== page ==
Although consumer groups have been kvetching about it for years, the telcos haven’t actually run afoul of the law. That is, not until this summer, when things took an abrupt turn with a new ruling from the FCC.
A Quick Legal Primer
The Communications Act of 1934 put forth the proposition that because all men were created equal, they should have equal access to a reasonably price nationwide communications network. To make this possible, the law created a Universal Service Fund, which was to be funded by the providers of the national communications service, and which would cover the creation of communications infrastructure in isolated rural communities and urban poor communities…in short, anywhere that a corporation would consider it unprofitable to lay its cable.
The Telecommunications Act of 1996 expanded the original Act’s scope from 1934-era technology to include good old Ethernet- and IP-based Internet communications, and expanded the mandate to provide Internet and phone services to libraries and schools.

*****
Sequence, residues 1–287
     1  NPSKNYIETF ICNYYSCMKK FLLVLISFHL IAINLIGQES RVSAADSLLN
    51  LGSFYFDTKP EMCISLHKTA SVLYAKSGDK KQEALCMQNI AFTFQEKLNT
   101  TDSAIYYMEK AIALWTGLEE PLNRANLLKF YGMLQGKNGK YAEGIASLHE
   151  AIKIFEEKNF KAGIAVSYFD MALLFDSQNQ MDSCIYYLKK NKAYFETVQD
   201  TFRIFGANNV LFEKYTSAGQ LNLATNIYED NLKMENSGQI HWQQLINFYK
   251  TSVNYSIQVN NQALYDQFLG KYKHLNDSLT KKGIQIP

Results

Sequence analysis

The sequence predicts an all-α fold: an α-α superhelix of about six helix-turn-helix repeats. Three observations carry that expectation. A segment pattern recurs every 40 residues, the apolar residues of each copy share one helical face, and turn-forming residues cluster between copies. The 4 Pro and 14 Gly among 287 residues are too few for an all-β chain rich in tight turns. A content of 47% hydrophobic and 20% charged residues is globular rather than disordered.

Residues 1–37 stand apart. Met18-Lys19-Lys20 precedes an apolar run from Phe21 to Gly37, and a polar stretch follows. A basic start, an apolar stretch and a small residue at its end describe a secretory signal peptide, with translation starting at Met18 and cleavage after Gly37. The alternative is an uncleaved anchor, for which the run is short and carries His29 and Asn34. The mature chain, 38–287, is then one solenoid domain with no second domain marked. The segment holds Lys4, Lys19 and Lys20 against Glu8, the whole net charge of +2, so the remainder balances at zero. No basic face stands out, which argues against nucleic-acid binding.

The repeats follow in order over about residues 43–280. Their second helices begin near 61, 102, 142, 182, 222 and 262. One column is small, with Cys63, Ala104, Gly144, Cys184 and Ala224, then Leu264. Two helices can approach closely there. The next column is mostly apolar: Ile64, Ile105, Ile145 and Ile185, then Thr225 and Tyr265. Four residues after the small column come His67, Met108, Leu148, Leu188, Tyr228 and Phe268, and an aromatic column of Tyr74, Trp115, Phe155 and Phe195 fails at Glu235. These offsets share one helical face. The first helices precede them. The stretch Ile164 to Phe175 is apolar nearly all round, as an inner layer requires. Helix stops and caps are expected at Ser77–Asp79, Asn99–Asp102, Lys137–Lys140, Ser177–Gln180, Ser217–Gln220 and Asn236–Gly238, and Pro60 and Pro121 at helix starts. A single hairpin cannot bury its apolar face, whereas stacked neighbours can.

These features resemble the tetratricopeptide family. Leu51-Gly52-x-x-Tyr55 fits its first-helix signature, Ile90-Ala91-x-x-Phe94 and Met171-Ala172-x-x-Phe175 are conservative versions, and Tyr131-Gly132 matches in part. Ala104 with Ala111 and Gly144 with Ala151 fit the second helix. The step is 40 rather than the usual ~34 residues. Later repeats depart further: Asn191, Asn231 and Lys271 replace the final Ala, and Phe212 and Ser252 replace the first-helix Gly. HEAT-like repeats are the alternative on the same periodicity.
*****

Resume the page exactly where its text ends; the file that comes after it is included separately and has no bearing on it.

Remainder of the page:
On Aug. 14, the FCC, which manages the fund, reworked it definition of a company that provides interstate communication. That definition excluded DSL companies. In short, the Verizons and Bell Souths of the world were no longer required to pay into the Universal Service Fund.
When is a Tax Not a Tax?
Almost immediately after the FCC made its announcement, Verizon and Bell South issued their own. Broadly speaking, they told their customers “Your bill stays the same. We’re just going to call the surcharge something different.”
Before August, Verizon DSL customers at 768Kbps paid about $1.25 into the USF every month and 3Mbps customers footed a $2.83 charge. BellSouth customers were charged $2.97 per month. In August, Verizon added a “supplier surcharge” that amounted to slightly less than the USF charge (a nickel less at 786Kbps and 13 cents less for high speeds). BellSouth said it would keep its $2.97 fee the same, and continue to call it a “regulatory cost recovery fee.”